One of my clients who was 80 years old converted a portion of her traditional IRA to a Roth IRA early in March, 2009 when the Dow Jones Industrial Average (DJIA) had just climbed over the 7,000 mark after declining to an intraday low of 6,440 on March 9th. With the DJIA increasing by 4,000 points, or 57%, to 11,000 recently, and assuming it stays at this level, at least 57% of the value of my client’s IRA at the time of conversion that would have eventually been taxed had my client not done her conversion will permanently escape income taxation provided the market remains above 11,000 and she takes no distributions from her Roth IRA for five years from the date of her conversion.
With the market up almost 60% in a little over a year, many people are wondering if this is a good time to do a Roth IRA conversion. What happens if you do a conversion, you’re not as fortunate as my client, and the market does an about-face, descending below 10,000 again? This may not make much difference if the assets that you converted are not directly market-sensitive such as fixed income instruments. But what if your Roth IRA conversion assets instead consist of a diversified portfolio of small-, mid-, and large-cap individual stocks, mutual funds, and exchange-traded funds? That’s a different story.
Forgetting about the fact that you’re generally required to wait at least five years from the first day of the year in which you do a conversion to take a distribution from your Roth IRA in order to avoid a potential 10% tax on early distributions (see my April 5th blog, The 5-Year Freeze) and that there is a strong likelihood, although no guarantee, that the market will increase to at least the 11,000 level again within five years, IRS has created an out for you. You can make an election to reverse your Roth IRA conversion through a process called recharacterization.
Basically, you have until April 15th following the year of your conversion, or until October 15th if you applied, and were approved for, an extension of filing, to undo your Roth IRA conversion. You must transfer the amount of your Roth IRA conversion plus earnings thereon from your Roth IRA account back to your traditional IRA account via a trustee-to-trustee transfer by the applicable date.
Let’s suppose you do a recharacterization because the stock market has declined significantly since the date that you did your Roth IRA conversion and you want to do another Roth IRA conversion to potentially minimize your income tax liability attributable to your conversion while the market is still down. How long must you wait to do this? The amount of time that you must wait to do another Roth IRA conversion using the same traditional IRA depends on the timing of your recharacterization. If you do a Roth IRA conversion and recharacterization during the same year, you must wait until the following year to do another conversion. If, on the other hand, you do your recharacterization during the year following the year you did your conversion, you must wait 30 days following your recharacterization date to do another conversion.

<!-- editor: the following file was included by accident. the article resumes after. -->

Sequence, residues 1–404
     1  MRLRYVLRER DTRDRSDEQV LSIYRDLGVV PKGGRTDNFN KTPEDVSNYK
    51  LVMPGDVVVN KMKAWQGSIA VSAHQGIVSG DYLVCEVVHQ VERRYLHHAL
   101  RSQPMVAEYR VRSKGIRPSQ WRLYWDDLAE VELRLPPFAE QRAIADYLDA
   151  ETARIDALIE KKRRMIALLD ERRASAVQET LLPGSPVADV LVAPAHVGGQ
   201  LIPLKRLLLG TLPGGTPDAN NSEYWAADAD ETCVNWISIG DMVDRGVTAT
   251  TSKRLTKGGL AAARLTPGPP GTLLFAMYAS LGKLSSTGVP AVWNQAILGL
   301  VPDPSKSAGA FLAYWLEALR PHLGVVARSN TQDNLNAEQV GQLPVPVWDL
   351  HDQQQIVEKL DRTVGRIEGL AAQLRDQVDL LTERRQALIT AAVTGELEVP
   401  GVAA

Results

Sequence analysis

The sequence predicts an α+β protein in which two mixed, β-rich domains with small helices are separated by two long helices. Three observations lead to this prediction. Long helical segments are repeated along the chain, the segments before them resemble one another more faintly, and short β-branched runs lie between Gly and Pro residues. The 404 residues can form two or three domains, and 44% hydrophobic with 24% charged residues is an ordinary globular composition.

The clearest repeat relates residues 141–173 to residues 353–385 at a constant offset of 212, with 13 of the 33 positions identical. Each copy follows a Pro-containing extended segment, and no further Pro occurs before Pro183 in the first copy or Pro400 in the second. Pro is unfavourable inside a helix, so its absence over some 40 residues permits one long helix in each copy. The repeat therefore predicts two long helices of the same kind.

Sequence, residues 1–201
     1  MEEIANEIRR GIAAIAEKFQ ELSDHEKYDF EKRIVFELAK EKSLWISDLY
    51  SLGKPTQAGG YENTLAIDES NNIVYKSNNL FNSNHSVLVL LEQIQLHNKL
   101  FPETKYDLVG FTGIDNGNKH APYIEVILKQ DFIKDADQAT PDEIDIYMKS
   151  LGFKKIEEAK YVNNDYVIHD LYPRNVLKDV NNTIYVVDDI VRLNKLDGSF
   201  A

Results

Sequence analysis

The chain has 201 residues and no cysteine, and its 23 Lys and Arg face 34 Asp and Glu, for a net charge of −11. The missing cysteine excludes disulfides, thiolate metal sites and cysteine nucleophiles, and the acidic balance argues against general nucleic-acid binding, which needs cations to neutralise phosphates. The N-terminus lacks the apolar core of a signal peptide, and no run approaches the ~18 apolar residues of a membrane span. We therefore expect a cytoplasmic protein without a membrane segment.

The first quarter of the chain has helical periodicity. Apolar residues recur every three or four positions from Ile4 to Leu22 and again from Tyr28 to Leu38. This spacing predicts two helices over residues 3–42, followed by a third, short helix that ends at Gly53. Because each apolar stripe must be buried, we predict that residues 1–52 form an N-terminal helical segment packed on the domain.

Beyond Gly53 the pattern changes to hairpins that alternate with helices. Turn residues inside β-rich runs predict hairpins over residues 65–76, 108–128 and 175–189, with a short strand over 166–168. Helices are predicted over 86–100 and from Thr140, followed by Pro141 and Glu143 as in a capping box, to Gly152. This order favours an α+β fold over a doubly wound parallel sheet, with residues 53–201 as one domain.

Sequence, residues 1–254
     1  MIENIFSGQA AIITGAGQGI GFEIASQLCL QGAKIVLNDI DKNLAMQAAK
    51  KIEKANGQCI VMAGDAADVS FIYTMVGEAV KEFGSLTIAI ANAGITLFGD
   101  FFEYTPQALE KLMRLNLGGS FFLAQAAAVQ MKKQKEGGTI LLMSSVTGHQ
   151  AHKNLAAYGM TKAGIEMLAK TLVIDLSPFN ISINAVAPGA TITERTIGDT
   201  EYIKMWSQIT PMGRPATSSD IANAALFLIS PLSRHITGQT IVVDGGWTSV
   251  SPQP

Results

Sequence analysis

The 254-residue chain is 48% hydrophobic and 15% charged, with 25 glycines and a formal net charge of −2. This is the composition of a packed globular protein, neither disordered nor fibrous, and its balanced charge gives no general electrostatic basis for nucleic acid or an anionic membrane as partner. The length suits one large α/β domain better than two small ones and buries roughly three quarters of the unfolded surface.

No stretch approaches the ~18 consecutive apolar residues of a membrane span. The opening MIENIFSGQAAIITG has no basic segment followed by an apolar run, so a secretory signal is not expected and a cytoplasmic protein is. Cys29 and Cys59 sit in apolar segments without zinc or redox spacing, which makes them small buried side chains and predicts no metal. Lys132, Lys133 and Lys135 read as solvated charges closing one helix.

As an example, suppose you did a Roth IRA conversion on April 12, 2010 when the market was above 11,000. The market continues to increase for a while and then it slides back below 10,000 at the end of 2010. Assuming that you file a 2010 income tax return extension application and your application is approved, you would have until October 17, 2011 (October 15th falls on a Saturday) to reverse your Roth IRA conversion through a recharacterization. Assuming that you don’t do a recharcterization in 2010, you file an extension application for filing your 2010 income tax returns, and you do a recharacterization by October 17, 2011, you would need to wait 30 days following the date of your recharacterization to do another conversion using the same traditional IRA account.
Through the magic of recharacterization, your Roth IRA conversion is insured until at least April 15th of the year following the year of your conversion in the event that the value of your Roth IRA decreases significantly from its value on the date of conversion. Like all insurance policies, beware of the exclusions, the most significant one being that your ability to recharacterize will end on April 15th of the year following the year of your conversion or October 15th if you have filed, and been approved for, an extension of time to file your income tax returns.